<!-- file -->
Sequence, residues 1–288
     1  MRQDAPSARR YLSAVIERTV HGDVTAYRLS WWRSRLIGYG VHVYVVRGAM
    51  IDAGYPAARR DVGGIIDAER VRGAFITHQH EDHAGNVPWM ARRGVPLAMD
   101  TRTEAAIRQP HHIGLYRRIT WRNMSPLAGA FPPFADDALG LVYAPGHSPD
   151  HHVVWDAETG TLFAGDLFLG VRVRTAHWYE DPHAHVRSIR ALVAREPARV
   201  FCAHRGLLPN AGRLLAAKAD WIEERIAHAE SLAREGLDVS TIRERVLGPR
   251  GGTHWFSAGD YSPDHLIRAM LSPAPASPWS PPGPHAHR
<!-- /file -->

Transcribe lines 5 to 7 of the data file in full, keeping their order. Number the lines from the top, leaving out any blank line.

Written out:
   151  HHVVWDAETG TLFAGDLFLG VRVRTAHWYE DPHAHVRSIR ALVAREPARV
   201  FCAHRGLLPN AGRLLAAKAD WIEERIAHAE SLAREGLDVS TIRERVLGPR
   251  GGTHWFSAGD YSPDHLIRAM LSPAPASPWS PPGPHAHR